Point of Order, Mr. Mayor

CBRM Mayor Cecil Clarke’s term as Speaker of the Nova Scotia Legislature ran from June 2006 to October 2007 but in his head, I think it never ended.

How else to explain an agenda item like this one, from the 7 March 2017 meeting of the CBRM General Committee:



You can hear audio of the point of order and the point of privilege on the CBRM website, and I really encourage you to listen to them, but for those of you pressed for time, I will recap:

Point of order

The point of order relates to the 19 December 2016 debate in Council over the five-year extension to Harbor Port Development Partners’ exclusive contract with the CBRM. Clarke said that during that meeting, District 6 Councilor Ray Paruch (the target of both of these “findings”) expressed “grave reservations” about who lawyer Jim Gogan of the Breton Law Group was working for. Clarke hinted at the possibility of legal action (presumably by Gogan) and suggested Councilor Paruch set about having the December 19 minutes revised to remove the offending comments.

Point of privilege

The point of privilege (actually, a point of “personal” privilege) reached back further in time — and outside the Council Chambers —  to swat Councilor Paruch for remarks made at a November 2016 retirement dinner for CBRM employees. According to the mayor’s informants (Clarke himself was not in attendance), Paruch, while saying grace (which he probably shouldn’t have been doing — I thought we’d got that whole Church/State thing sorted out), joked that the grace had been written by his father whom Mayor Clarke resembled in that he, “does what he wants and he takes responsibility for nothing.” The mayor suggested this violated Council’s Code of Conduct for Elected Municipal Officials and warned Paruch that he would, “no longer treat such language, comments or behavior in council or in a public setting as tolerable or acceptable to me.”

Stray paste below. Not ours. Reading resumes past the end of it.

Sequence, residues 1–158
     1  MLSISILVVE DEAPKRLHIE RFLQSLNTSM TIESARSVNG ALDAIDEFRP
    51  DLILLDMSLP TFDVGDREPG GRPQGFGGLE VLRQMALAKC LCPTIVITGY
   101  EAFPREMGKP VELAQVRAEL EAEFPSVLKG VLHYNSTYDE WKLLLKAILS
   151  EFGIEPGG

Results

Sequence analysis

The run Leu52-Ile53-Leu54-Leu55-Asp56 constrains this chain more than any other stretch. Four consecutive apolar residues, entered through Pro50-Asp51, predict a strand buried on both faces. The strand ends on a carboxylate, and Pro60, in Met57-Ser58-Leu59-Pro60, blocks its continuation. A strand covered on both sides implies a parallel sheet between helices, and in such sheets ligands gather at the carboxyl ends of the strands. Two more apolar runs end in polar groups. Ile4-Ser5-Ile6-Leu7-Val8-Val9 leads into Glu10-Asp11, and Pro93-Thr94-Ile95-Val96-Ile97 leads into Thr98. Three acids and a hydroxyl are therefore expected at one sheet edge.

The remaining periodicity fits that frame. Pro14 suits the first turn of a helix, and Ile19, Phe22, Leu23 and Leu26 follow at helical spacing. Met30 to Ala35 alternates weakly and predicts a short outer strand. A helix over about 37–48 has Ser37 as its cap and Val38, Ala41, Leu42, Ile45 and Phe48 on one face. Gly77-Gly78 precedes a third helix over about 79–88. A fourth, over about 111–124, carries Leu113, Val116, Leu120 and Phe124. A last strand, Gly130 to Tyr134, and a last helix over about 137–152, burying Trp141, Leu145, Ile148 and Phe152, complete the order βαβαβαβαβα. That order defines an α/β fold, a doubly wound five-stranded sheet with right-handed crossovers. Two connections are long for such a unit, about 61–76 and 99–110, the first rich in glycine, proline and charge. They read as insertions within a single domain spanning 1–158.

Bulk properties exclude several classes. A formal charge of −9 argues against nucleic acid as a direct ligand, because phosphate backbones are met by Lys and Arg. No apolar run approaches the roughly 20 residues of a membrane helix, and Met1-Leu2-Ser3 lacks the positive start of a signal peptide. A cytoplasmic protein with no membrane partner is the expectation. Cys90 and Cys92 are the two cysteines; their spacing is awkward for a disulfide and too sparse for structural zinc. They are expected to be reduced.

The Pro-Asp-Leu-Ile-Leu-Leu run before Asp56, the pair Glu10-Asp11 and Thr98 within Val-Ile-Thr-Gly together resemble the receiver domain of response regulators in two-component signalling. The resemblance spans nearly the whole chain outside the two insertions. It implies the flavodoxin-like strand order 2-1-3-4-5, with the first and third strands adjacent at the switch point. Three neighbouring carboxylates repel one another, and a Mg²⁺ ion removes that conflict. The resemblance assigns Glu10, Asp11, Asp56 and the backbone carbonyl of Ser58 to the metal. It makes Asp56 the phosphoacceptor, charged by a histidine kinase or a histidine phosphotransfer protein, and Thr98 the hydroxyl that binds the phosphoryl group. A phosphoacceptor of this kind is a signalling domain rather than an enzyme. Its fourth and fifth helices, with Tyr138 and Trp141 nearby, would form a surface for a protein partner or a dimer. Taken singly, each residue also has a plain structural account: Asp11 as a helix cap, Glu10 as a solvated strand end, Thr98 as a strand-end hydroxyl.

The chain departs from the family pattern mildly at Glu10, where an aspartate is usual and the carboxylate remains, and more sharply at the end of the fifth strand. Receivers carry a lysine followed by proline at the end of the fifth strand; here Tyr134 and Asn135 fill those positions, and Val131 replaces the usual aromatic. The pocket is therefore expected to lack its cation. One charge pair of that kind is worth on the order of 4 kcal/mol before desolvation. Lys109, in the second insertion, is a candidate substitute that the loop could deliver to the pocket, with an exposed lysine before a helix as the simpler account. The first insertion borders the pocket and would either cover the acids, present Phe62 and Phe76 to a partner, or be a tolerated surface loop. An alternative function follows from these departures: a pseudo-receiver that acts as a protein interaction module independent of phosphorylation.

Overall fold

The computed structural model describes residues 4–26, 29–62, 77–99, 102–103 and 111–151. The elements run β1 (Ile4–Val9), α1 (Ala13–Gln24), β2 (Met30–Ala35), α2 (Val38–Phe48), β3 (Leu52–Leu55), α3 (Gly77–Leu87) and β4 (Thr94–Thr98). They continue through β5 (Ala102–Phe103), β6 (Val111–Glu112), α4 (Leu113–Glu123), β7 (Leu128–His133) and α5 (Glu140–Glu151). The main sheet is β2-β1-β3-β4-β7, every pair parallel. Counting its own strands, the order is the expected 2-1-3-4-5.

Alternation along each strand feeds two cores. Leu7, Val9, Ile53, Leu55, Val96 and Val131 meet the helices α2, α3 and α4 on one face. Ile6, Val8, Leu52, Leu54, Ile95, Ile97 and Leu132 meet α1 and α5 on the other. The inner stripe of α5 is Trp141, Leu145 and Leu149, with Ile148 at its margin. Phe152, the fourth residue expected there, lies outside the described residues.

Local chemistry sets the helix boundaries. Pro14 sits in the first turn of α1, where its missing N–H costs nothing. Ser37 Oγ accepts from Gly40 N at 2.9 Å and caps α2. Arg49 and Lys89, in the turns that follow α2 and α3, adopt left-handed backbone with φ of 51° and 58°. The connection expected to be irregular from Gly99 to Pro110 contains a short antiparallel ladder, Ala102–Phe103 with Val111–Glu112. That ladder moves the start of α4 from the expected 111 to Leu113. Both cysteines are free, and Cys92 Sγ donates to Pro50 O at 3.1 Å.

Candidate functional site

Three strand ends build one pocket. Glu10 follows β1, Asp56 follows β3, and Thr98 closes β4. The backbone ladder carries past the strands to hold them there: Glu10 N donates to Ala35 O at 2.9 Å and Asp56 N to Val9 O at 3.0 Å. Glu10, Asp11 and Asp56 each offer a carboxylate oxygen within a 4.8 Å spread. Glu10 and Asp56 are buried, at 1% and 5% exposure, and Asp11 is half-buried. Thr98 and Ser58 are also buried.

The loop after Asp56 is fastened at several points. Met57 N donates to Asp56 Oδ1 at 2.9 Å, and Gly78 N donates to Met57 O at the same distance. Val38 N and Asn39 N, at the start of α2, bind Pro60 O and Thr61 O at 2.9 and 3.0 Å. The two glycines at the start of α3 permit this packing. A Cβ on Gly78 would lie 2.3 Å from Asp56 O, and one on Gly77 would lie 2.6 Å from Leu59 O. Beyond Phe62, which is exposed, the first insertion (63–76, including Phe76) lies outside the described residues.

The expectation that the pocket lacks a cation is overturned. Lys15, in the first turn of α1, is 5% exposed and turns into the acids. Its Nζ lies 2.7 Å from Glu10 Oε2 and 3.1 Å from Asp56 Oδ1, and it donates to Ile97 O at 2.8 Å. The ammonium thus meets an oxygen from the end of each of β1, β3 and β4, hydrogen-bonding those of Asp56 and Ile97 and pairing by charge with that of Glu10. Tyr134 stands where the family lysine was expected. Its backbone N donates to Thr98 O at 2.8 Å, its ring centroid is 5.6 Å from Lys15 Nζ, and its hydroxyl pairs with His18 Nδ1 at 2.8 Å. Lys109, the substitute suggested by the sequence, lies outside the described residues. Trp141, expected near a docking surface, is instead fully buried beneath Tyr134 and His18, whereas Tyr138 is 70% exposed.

Speaker's Chair, Clerk's Table, Mace, Nova Scotia House of Assembly (Source: NS Legislature http://nslegislature.ca/index.php/photogallery/image_full/72/)

Admittedly, sitting in this chair could go to your head. (Speaker’s Chair. Source: NS Legislature )


Robert’s Rules

The mayor’s points seemed strange to me, so I decided to read up on the rules governing CBRM Council meetings and see what they had to say about points of order and privilege. Turns out, the municipality has its own Rules of Order Policy, which states:

(8) When any question of order or practice is raised, it must be decided before further proceeding with the question in discussion.

(9) When any matter of privilege arises, it must be considered immediately.

The CBRM’s Rules of Order Policy does not define a point of order and point of privilege, but it does state:

In all cases not provided for, the proceedings of the Council shall be governed by Roberts’ [sic] Rules of Order.

Therefore, it seems safe to posit that the definitions of point of order and point of privilege from Robert’s Rules of Order Newly Revised (RONR) apply in the CBRM:

Point of Order:
A Point of Order is used “when a member thinks that the rules of the assembly are being violated…thereby calling upon the chair for a ruling and an enforcement of the regular rules.” (RONR p.247, l.3)

Point of Privilege
“A Question of Privilege is a device that permits a request or main motion relating to the rights and privileges of the assembly or any of its members.” (RONR p.224, l.25)


Expert opinion

Having compared the mayor’s points of order and privilege to the actual definitions of a point of order and a point of privilege, I still felt something was off, but what do I know? My days as a high school debater are long behind me. So I decided to consult a Professional Registered Parliamentarian (PRP)–in fact, I  consulted two.

PRPs advise individuals and groups on the finer points of parliamentary procedure and Robert’s Rules.

The first, Kim Goldsworthy of Robert’s Rules Consulting, is based in California and was kind enough to listen to Clarke’s points of order and personal privilege and provide the following comments:

Point of Order
“Since the speech in question is long past, it is improper to raise a Point of Order many days/weeks later. A Point of Order’s purpose is to make immediate correction of some error. Since the error was speech, and the speech is ended, there is nothing left to raise a Point of Order against.”